The pelagic tunicate, Oikopleura dioica, feeds by non-selectively filtering particles in the size range of 0.2–20 μm. In the northern Gulf of Mexico, particulate matter in this size range contains large amounts of fine-grained lithogenic material because of the influence of the Mississippi River. During May 1992, O. dioica populations filtered between 2 and 44% (mean = 20%) of the upper 5 m each day. The filtered lithogenic particles either remain in the oikopleurid house or are defecated in fecal pellets which have high sinking velocities. Either way, the larvacean populations significantly alter the fates of fine-grained lithogenic particles in these waters and thereby enhance light penetration. The widespread occurrence of oikopleurids in coastal regions of temperate and subtropical oceans suggests they could have a significant influence on the fates of fine-grained lithogenic particles in discharge plumes of many of the world's large, sediment-laden rivers.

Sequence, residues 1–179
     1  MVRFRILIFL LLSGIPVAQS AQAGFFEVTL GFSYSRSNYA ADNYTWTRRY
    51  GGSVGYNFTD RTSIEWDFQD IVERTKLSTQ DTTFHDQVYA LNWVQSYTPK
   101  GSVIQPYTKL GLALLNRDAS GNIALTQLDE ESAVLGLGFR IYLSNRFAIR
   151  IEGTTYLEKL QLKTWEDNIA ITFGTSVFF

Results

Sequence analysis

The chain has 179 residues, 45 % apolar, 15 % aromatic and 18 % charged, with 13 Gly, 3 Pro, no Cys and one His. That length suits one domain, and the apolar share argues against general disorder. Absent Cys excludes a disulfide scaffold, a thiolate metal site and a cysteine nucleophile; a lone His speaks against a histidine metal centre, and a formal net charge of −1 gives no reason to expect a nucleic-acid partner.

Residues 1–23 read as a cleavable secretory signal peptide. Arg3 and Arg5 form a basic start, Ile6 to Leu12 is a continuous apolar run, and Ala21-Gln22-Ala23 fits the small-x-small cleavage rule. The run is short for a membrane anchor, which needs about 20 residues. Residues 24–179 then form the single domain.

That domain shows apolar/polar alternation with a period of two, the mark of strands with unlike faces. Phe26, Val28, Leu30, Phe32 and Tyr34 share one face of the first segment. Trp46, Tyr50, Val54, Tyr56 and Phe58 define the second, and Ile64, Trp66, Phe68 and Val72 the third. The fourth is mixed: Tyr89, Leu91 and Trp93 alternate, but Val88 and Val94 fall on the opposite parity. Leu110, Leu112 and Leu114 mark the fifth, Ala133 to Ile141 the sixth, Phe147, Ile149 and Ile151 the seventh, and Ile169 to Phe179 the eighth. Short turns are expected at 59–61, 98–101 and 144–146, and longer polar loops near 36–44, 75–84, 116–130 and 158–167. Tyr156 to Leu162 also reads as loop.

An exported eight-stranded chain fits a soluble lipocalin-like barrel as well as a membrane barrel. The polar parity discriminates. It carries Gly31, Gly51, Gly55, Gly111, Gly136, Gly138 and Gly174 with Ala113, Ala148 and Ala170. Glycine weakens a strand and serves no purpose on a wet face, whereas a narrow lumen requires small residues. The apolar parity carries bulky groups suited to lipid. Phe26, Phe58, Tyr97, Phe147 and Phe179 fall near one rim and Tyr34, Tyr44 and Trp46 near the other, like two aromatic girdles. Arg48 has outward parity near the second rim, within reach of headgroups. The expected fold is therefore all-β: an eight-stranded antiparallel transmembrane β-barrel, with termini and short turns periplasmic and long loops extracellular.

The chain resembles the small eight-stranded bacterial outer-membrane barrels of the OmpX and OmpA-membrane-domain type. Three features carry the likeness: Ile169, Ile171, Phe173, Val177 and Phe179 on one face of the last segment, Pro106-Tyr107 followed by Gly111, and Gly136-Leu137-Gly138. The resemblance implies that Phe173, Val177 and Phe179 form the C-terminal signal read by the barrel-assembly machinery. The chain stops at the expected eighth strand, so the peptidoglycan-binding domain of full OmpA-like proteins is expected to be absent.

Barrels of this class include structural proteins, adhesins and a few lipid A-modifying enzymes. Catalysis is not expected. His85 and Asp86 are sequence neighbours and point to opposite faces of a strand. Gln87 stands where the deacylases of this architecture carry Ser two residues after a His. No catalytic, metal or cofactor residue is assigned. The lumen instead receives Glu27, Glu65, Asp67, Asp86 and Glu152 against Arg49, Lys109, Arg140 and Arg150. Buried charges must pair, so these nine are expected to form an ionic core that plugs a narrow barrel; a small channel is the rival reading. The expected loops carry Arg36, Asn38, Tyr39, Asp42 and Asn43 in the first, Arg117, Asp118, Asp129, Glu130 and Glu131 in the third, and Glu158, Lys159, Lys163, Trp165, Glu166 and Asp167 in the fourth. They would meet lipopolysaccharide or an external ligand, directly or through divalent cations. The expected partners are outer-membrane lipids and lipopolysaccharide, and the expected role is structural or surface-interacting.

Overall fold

Dagg, M. J., E. P. Green, B. A. McKee, and P. B. Ortner. 1996. "Biological removal of fine-grained lithogenic particles from a large river plume." Journal of Marine Research 54, (1). https://elischolar.library.yale.edu/journal_of_marine_research/2175